Yes, Price had hits prior to that, chiefly the now-standard "Release Me," but he had no identifiable sound. Instead, he was mostly notable as Hank Williams' protege. Price had met Williams while attending what would later become the University of Texas at Arlington where he studied veterinary medicine, and recorded a few singles for the tiny Bullet label. When Price joined Dallas' Big D Jamboree, he was introduced to Williams, who took a shine to the young country neophyte and convinced him to move to Nashville.
"Hank got me on the Grand Ole Opry," Price recalls, "and then I lived with him about a year before he died. I lived upstairs, he lived downstairs. Hank only had one problem: It was only with drinkin'. It wasn't with drugs.
"We was big buddies. But he was working an awful lot, and I was really looking after him more than anything else, 'cuz he was a bad alcoholic. But not like most people think. He never would work when he went to drinkin'. He'd stay in the hotel room. Then the promoter would have so many people there and would lose so much money, they would go and drag him down there drunk. And that's when he would make drunk appearances. In other words, he was a human, like anybody else."
Price's first records under his Columbia contract featured the backing of Williams' Drifting Cowboys, and despite their quality, they cut a little too close to Hank's groove for notability. Price also "made one tour with Hank in '52. We played some dates in Virginia and South Carolina, New Year's Eve and everything. He didn't make the first two dates," Price laughs.
"Hank Williams," he continues, "was the hottest damned thing in the world, as far as country music, and they put me out there to fill in for him -- in front of about 10,000 people in Norfolk. So, I didn't know what I was gonna do. I was scared to death. I started doing this song -- I had to use his band -- and I didn't know what key I did anything in. Went out there cold, and I told 'em the key on the song, and hell! It must've been two keys too high! The name of the song was `I Made a Mistake, and I'm Sorry.' And I got up to the `I Made a Mistake' part, then I sang, `...and I'm too damn High!'" he laughs.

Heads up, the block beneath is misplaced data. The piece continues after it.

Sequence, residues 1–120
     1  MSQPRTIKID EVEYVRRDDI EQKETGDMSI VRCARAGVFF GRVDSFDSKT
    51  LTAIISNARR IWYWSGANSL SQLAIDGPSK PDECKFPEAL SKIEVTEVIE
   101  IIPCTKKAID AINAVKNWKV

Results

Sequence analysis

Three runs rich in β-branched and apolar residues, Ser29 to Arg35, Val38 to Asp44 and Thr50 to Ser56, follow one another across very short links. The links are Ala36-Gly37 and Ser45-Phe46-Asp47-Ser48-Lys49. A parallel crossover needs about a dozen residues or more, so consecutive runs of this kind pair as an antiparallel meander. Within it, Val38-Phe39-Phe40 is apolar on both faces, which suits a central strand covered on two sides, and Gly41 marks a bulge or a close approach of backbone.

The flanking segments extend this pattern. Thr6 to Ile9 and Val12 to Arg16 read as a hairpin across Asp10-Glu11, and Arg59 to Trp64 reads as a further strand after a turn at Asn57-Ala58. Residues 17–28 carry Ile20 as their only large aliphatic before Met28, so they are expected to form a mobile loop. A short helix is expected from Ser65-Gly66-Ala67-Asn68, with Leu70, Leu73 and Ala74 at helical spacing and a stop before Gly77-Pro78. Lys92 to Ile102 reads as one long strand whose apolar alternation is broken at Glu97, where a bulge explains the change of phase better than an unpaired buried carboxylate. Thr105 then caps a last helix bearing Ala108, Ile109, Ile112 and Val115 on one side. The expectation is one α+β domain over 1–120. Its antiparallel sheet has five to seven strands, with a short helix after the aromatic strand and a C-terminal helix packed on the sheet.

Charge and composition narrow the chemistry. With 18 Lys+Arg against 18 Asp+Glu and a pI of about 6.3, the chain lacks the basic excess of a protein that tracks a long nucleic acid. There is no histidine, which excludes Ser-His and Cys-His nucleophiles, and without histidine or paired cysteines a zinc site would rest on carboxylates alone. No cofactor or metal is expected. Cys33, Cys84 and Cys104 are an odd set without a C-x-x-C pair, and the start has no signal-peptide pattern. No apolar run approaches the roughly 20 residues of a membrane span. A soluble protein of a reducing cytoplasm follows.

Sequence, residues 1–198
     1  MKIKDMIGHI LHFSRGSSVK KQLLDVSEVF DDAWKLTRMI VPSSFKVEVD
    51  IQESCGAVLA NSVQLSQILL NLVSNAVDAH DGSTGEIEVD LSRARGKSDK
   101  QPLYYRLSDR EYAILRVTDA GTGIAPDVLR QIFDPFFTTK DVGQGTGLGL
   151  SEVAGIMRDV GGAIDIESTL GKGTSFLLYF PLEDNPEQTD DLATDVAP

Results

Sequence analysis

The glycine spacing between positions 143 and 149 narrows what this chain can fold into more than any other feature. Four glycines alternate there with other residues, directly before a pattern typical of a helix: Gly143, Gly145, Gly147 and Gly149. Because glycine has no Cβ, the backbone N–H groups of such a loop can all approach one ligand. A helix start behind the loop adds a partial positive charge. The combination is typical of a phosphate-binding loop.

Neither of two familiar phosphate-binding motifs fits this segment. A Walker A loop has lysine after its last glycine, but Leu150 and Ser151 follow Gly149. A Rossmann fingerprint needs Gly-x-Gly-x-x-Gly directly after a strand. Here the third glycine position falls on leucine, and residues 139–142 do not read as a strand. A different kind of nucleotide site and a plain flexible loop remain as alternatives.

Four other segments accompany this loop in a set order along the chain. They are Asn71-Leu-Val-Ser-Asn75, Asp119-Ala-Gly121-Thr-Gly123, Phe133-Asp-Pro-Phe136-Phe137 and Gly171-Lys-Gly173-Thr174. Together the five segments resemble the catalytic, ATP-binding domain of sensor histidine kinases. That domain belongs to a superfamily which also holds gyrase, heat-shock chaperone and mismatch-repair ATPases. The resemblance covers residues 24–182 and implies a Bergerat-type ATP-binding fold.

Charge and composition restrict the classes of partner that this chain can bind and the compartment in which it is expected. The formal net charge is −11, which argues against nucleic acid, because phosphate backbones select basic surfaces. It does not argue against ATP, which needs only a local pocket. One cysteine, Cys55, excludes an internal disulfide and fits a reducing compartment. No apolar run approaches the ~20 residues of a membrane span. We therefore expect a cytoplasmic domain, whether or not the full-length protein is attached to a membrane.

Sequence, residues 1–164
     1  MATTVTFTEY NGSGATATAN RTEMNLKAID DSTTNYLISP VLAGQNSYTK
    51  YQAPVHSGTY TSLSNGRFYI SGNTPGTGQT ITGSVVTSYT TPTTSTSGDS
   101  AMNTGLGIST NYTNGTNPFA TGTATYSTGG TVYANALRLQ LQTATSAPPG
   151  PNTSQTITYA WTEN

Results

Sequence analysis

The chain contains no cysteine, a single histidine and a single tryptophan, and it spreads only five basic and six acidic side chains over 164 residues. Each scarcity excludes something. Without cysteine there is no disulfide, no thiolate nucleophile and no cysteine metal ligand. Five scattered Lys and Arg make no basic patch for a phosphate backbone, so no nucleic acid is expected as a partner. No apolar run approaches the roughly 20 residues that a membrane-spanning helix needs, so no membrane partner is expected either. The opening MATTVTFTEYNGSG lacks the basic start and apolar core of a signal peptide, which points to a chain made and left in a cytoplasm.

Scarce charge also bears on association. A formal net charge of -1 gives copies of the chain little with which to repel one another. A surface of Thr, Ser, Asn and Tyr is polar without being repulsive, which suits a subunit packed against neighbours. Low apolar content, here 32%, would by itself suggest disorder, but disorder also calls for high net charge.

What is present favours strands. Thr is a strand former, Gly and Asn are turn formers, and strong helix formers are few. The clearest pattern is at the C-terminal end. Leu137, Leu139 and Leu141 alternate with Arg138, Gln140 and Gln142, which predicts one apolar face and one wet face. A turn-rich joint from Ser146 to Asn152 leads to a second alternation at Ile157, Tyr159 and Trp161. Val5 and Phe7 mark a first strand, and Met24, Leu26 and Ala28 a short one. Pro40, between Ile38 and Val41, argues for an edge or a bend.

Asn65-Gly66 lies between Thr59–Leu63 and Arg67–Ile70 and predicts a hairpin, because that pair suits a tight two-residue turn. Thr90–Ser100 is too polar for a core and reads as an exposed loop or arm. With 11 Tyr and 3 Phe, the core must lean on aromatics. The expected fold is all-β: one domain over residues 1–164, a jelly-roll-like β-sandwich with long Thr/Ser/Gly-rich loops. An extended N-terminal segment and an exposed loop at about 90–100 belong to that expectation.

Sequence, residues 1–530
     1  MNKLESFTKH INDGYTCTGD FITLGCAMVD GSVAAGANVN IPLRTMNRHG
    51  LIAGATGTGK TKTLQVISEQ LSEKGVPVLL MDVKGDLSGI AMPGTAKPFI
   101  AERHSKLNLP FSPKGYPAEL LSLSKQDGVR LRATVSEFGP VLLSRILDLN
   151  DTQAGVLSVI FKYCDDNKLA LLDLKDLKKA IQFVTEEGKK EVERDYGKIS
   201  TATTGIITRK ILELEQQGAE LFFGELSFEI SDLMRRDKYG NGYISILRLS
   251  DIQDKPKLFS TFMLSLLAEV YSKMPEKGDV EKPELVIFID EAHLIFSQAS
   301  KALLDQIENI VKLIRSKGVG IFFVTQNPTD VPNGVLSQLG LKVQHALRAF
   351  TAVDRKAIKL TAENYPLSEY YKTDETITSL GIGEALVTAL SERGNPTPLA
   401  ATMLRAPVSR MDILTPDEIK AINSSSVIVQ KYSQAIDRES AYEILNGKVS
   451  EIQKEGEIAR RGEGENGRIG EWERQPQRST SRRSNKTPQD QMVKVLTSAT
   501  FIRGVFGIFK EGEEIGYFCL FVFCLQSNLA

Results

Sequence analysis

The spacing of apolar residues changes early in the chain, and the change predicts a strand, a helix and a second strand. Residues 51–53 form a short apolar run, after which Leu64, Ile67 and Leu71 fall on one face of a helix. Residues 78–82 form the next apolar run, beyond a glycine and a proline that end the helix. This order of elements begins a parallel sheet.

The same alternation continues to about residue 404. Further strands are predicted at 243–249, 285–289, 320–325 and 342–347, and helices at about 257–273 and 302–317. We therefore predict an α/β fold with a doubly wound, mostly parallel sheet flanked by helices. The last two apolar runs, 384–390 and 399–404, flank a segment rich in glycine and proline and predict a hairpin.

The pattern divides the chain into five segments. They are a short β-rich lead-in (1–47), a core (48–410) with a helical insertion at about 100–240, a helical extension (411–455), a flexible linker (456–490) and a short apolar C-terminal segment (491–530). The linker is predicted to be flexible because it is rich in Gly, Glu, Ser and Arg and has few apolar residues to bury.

"I stopped, and the people went ape. I could've done anything after that. Anything! It didn't make no difference. They was with me, God love 'em."
Quickly sobering up, Price adds, "But yeah, I guess I was Hank's best friend. Everywhere he'd play, he'd tell everybody about me and to look out for me, that I was gonna be Number One someday. I didn't even know he was doing it until after he died."
It took awhile. It took Price's hiring the Western Cherokees, a hard-driving Texas honky tonk/Western swing outfit, away from Lefty Frizzell in 1954 and renaming them the Cherokee Cowboys. It also took "Crazy Arms," with its hardened bass-and-drum pulse wed to a walking bass line. With further hits like "Heartaches by the Number" and "My Shoes Keep Walking Back to You," the Ray Price Sound caught on quickly. In fact, the sound became so inescapable, it even crept its way into the pop mainstream via a Nashville-cut: Elvis Presley's early Sixties hit, "She's Not You."
"Elvis and I was buddies!" Ray yelps. "I used to play... I believe it was the Lakeside Ballroom in Memphis every Friday night, years ago. And at intermission, Elvis would play, just him and his guitar. He was a nice kid, a really nice kid. But what he went through," Price adds, suddenly grim, "for what he got, I wouldn't have done it. Shit, he was locked up all his life. I don't believe in that."
Sam Phillips once said that if Presley had been allowed to walk the streets of his own hometown without being bothered, he'd still be alive today.
"That's right. But that's the way it was. He had a big fight with Tom Parker. He wanted to go to town and get him some ice cream, then go to a movie. Tom Parker said, `You do, and when you get back, our deal's up. I'm gone. You agreed that you would stay hid all the time out of public as long as we're in the business.' Now, that actually come about. And [Presley] believed him. 'Course Tom Parker was nobody without Presley, know what I mean? He was a smart man in the business, because he'd handled Eddy Arnold, and I think Hank Snow. But I'm talking about the big money way. Tom Parker was nothing 'til Presley."
Price pauses, then allows himself a slight bit of swaggering: "But we knocked `Heartbreak Hotel' off the Number One spot (on the country charts) with `Crazy Arms.'"